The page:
T-Mobile (NASDAQ:TMUS), as a company, tends to take on the personality of its outspoken CEO, John Legere. That's a good thing as the company does battle with bigger rivals, including Verizon (NYSE:VZ), which has generally used a marketing plan that clearly proclaims "we're the best," as a justification for higher prices.
With its "better matters" ads, along with its misleading presentation of the latest RootMetrics Mobile Network Performance in the U.S. report in its commercial that says T-Mobile is "a better network as explained by colorful balls," the company wants to assert its superiority by using selective facts along with sheer force of will. (For a critique of the "balls" commercial, see "Here's Why Verizon's 'Better Matters' Ad Is Not Telling the Full Story.")
Legere is not someone you want to go after with claims that don't quite pass the sniff test. He's the one who walks up to the toughest guy in the prison yard and socks him in the mouth -- not to look tough, crazy, or gutsy, but to show that he's at least an equal, if not a better.
And that's exactly what Legere and T-Mobile are doing with their latest promotion, #BallBusterChallenge, walking up to the biggest and toughest-seeming wireless company, socking it in the mouth, and daring it to punch back. It's a bold strategy that only works if T-Mobile can actually deliver the goods.
What is T-Mobile saying?
The company is directly challenging Verizon's best network claims by saying that the results it shows in the "colorful balls" ad are old and misleading. T-Mobile, in a press release, noted that "pop-ups in the ad call out the missing details and facts, including the fine print" that the Verizon test is up to 12 months old. Legere's company also noted that the ad ignores that T-Mobile's LTE network has doubled in size in the past 12 months.
"Verizon is known for their network coverage ... so when they suddenly start spending tens of millions in ads to try and convince people their network's better, it says a lot," Legere said. "Verizon's so nervous they're willing to use old, incomplete data about our network on TV! But they've got good reason to panic; more than 5 million Verizon customers switched to T-Mobile in the last two years, and now, we're going to show everyone else how the two networks really stack up."
How will T-Mobile do that?
In typical brazen T-Mobile style, Legere and company have introduced #BallBusterChallenge, an invitation to Verizon customers to "take the challenge and see T-Mobile's rapidly expanding network in action side by side with Verizon." T-Mobile will use its challenge to compare its network to Verizon's. The company laid out its plans in the press release:
The Challenge will travel across the country to cities large and small to challenge Verizon's network head on, testing data speeds, texting, and calls. If Verizon's network wins over T-Mobile two out of three times, their customer walks away with a $100 Visa Prepaid Card courtesy of T-Mobile. And if they lose, they'll pose for a photo with a sign of their choice, with options like "T-Mobile's network just schooled Verizon #BallBusterChallenge," and "T-Mobile's network was just as good as Verizon's #BallBusterChallenge," and "Verizon's network just got spanked by T-Mobile #BallBusterChallenge."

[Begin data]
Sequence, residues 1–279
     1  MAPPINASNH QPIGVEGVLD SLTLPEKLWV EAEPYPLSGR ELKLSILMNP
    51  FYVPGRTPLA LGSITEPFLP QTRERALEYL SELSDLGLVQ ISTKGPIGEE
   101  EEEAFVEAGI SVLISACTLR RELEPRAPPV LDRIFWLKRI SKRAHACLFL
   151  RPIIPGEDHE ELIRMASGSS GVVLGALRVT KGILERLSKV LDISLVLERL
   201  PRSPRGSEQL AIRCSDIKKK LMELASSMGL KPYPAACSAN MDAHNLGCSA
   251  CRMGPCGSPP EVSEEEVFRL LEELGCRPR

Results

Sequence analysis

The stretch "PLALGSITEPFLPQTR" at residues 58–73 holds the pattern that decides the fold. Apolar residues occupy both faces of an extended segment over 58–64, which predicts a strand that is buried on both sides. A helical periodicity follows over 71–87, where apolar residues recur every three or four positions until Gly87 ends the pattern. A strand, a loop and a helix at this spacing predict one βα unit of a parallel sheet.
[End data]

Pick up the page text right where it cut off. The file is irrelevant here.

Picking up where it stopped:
It's a bold bit of gamesmanship by Legere's team, but it's also worth noting that the setup allows T-Mobile to stack the deck in its favor. The company knows where its network performs well, and it's almost certain the challenge will only travel to those areas. This isn't a random caravan; it's cleverly orchestrated showmanship designed to tilt in T-Mobile's favor.
But while the public-facing side of the challenge is more theater than true test, a second piece of it is not. T-Mobile has made an open offer to all legitimate media to send them the smartphone of their choice with free T-Mobile service for three months so they can test the network. And for a true side-by-side comparison, the carrier has also offered to equip journalists with a Verizon-enabled phone.
This is a bold move
T-Mobile has invested heavily in its network and has largely narrowed, if not eliminated, the gap with Verizon. Simply offering this challenge shows that it's willing to be compared against its rival.
And while the consumer piece is a bit rigged, the journalist side is not. Ultimately, putting T-Mobile and Verizon phones in the hands of media will show exactly how the two companies stack up. That may still result in a small win for Verizon, but it could go a long way toward proving that there's now very little difference between the two companies' networks, as T-Mobile contends.